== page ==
It is easy to be hard on ourselves. When we feel God’s approval, anxiety can be replaced by confidence.
When the Lord directed Lehi to take his family into the wilderness, He prefaced the commandment with the following words of reassurance:
Blessed art thou Lehi, because of the things which thou hast done.1 Nephi 2:1
After Alma was rejected and kicked out of the city of Ammonihah, the angel who appeared to him provided the following words of encouragement:
Blessed art thou, Alma; therefore, lift up thy head and rejoice, for thou hast great cause to rejoice; for thou hast been faithful in keeping the commandments of God.Alma 8:15
And when the prophet Nephi was ignored by his unbelieving neighbors, the Lord said to him:
Blessed art thou, Nephi, for those things which thou hast done; for I have beheld how thou hast with unwearyingness declared the word, which I have given unto thee, unto this people.Helaman 10:4
All three of these prophets were experiencing difficult challenges. How comforting and empowering it must have been to hear God’s words of approval at such a time!
In April 1830, just after the church was organized, Joseph Smith received a series of revelations directed to family members and close associates. I’m struck by the repeated words of reassurance in those revelations. The revelation to Oliver Cowdery begins this way: “Behold thou art blessed, and art under no condemnation” (Doctrine and Covenants 23:1). Then, to Hyrum Smith, Samuel Smith, and Joseph Smith, Sr., the Lord said, “Thou also art under no condemnation” (Doctrine and Covenants 23:3-5). As members of a newly organized church who had experienced and would yet experience significant persecution for their beliefs, this reassurance must have bolstered their confidence and their determination.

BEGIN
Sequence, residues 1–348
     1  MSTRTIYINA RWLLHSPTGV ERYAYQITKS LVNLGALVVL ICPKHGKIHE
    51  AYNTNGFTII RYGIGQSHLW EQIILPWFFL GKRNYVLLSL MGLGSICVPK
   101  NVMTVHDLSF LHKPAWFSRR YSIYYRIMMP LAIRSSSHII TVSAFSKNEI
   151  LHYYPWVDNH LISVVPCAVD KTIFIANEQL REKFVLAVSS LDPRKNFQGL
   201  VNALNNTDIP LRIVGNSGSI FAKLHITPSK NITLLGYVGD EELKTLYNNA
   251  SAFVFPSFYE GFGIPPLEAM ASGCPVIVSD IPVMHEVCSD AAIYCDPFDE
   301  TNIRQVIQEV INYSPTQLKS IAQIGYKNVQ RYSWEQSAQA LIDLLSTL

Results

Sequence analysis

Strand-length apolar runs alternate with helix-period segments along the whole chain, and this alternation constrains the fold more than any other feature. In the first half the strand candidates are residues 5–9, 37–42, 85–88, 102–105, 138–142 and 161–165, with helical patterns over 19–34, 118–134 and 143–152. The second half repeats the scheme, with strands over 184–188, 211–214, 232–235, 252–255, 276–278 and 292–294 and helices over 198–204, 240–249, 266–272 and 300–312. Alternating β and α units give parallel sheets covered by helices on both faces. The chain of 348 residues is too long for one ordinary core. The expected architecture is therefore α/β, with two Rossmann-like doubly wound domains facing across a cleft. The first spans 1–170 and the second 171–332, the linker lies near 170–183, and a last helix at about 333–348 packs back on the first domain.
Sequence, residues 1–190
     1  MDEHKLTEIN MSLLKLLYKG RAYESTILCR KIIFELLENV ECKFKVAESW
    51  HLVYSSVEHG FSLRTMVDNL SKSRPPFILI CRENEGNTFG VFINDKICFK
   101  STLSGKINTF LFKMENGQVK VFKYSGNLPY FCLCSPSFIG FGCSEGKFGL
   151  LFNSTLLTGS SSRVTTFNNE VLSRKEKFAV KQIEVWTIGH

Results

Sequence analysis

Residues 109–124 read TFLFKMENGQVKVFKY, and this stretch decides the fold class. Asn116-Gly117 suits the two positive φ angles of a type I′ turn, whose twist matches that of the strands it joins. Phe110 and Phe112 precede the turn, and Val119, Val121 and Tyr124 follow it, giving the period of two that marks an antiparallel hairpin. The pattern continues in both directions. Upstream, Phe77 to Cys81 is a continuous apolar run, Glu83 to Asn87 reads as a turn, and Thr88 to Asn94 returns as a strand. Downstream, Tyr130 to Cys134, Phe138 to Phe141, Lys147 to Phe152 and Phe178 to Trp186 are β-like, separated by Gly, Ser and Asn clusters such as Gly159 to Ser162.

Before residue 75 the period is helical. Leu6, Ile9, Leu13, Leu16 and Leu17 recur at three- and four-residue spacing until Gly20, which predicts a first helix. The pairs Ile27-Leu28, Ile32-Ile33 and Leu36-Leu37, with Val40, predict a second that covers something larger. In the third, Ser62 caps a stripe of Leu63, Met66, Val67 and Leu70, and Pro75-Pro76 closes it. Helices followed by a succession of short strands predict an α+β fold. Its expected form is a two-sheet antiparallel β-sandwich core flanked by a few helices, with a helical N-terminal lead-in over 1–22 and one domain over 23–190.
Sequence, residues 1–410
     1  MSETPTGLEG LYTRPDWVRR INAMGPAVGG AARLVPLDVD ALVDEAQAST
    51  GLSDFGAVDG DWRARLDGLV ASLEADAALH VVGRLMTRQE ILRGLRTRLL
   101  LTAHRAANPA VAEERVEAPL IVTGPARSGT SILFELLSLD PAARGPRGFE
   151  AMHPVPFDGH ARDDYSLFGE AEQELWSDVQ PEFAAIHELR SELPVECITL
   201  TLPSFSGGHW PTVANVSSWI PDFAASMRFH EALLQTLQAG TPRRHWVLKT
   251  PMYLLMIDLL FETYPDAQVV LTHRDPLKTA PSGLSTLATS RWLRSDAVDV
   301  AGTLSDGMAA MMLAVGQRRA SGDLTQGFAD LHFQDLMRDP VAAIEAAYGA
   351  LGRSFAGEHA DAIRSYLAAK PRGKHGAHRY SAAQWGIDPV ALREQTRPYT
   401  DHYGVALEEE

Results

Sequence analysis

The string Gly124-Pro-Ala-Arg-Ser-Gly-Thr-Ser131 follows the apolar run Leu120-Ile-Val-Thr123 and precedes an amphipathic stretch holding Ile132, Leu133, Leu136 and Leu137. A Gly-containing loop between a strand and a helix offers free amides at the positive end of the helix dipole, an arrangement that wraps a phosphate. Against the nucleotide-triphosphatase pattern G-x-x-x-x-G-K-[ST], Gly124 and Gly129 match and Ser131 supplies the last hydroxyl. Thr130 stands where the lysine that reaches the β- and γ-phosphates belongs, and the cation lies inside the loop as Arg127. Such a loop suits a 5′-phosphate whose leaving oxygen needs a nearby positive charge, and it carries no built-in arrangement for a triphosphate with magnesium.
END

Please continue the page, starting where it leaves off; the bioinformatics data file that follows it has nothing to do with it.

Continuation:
Elder J. Devn Cornish gave the following warning to us about excessive self-criticism:
Sometimes when we attend church, we become discouraged even by sincere invitations to improve ourselves. We think silently, “I can’t do all these things” or “I will never be as good as all these people….”
Please, my beloved brothers and sisters, we must stop comparing ourselves to others. We torture ourselves needlessly by competing and comparing. We falsely judge our self-worth by the things we do or don’t have and by the opinions of others. If we must compare, let us compare how we were in the past to how we are today—and even to how we want to be in the future. The only opinion of us that matters is what our Heavenly Father thinks of us. Please sincerely ask Him what He thinks of you. He will love and correct but never discourage us; that is Satan’s trick.“Am I Good Enough? Will I Make It?” General Conference, October 2016
Today, I will seek feedback and guidance from God, and will avoid judging myself harshly. I will remember that, as long as I continue to repent and strive to follow my Heavenly Father, I am under no condemnation, and I will be blessed.